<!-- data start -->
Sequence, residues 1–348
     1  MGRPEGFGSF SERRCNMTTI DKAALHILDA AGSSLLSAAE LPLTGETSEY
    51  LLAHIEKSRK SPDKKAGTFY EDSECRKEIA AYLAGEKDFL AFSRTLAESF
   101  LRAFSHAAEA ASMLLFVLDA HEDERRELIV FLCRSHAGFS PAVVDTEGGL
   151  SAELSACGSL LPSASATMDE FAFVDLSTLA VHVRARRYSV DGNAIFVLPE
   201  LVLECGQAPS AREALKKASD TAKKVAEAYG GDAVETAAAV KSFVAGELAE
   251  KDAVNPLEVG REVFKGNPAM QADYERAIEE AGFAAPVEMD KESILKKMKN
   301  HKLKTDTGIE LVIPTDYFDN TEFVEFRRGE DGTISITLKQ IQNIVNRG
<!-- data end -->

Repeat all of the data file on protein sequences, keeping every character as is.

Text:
Sequence, residues 1–348
     1  MGRPEGFGSF SERRCNMTTI DKAALHILDA AGSSLLSAAE LPLTGETSEY
    51  LLAHIEKSRK SPDKKAGTFY EDSECRKEIA AYLAGEKDFL AFSRTLAESF
   101  LRAFSHAAEA ASMLLFVLDA HEDERRELIV FLCRSHAGFS PAVVDTEGGL
   151  SAELSACGSL LPSASATMDE FAFVDLSTLA VHVRARRYSV DGNAIFVLPE
   201  LVLECGQAPS AREALKKASD TAKKVAEAYG GDAVETAAAV KSFVAGELAE
   251  KDAVNPLEVG REVFKGNPAM QADYERAIEE AGFAAPVEMD KESILKKMKN
   301  HKLKTDTGIE LVIPTDYFDN TEFVEFRRGE DGTISITLKQ IQNIVNRG